2 100ml samples of each mix were prepared in 5.5 oz plastic portion pots and pH was recorded while stirring as the mix was prepared, after 12 hours, and then daily up to 10 days. The graphs show the pH for each of the 2 samples of each mix.
I looked at 4 different types of mix:
1) No pH adjustment.
I thought that pH changes were probably due to carbon dioxide (CO2) dissolving in the mix, so one pair of samples was left uncovered and the other were stored with lids on. In both cases the pH decreased steadily, but more quickly for the uncovered samples, which supports the hypothesis.
2) pH adjusted to 7.6 with double acting baking powder.
I tried two different brands of baking powder: 'Clabber Girl' and 'Western Family'. In both cases the pH decreased for the first 12 hours or so and then increased again. Double acting baking powders have a room temperature component and a high temperature component (which kicks in when you put your cake or whatever in the oven). I think that the decrease over the first 12 hours is probably due to that second component reacting slowly at room temperature. Most of the CO2 produced by the baking powder then gases off over a period of days resulting in a steady increase in pH. The final pH will depend on what is left behind as the CO2 leaves.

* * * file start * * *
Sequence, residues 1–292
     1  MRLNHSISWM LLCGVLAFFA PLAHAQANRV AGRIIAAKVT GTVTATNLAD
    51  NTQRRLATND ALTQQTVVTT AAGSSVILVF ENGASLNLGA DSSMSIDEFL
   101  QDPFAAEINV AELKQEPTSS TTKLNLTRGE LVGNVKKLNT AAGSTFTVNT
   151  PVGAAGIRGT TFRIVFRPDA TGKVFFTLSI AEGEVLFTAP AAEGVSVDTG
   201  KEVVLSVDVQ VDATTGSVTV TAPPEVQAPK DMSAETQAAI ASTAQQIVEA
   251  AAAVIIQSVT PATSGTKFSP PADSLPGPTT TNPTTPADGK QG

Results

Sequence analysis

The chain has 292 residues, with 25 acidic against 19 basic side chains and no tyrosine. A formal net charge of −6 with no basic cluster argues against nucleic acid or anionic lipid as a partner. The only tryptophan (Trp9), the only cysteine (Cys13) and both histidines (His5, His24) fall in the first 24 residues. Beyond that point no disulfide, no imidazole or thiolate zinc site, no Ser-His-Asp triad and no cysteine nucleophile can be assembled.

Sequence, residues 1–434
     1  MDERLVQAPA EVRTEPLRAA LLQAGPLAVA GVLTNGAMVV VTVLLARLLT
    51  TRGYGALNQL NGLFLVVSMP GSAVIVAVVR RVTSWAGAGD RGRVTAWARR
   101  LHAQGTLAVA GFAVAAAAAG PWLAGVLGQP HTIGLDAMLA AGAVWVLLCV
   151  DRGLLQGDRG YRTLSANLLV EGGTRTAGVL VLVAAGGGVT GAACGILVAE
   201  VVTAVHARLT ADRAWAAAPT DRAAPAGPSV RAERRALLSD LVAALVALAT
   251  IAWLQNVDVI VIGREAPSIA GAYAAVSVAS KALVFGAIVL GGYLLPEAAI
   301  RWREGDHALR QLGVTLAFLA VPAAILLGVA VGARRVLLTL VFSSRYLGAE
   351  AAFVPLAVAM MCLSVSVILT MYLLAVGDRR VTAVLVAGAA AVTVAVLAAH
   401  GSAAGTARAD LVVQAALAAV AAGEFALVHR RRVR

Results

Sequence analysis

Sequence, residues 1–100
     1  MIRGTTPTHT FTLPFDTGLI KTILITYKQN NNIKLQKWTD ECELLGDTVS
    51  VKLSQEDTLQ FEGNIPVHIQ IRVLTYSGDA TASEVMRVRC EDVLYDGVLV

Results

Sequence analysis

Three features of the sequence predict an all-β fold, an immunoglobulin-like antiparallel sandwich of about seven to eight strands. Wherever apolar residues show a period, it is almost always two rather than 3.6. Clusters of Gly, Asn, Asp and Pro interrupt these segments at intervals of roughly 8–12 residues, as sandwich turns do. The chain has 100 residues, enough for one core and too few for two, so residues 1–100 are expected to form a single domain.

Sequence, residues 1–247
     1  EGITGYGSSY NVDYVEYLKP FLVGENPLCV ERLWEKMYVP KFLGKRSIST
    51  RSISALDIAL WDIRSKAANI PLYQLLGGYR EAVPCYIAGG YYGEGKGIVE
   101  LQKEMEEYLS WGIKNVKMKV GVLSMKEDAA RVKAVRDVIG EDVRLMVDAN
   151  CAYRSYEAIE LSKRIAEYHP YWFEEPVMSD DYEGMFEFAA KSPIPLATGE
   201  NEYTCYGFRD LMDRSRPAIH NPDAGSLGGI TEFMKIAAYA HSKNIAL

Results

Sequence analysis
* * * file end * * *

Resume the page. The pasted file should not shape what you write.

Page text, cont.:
3) pH adjusted to 7.6 with single acting baking powder.
I only used one brand: 'Rumford'. No initial decrease in pH as there is no second component, so the pH starts increasing immediately as the CO2 gases off.
4) pH adjusted to 7.6 with acid
I tried 3 different acids: tartaric (cream of tartar), citric (lemon juice), and hydrochloric. There was no significant change in pH over the 10 day period.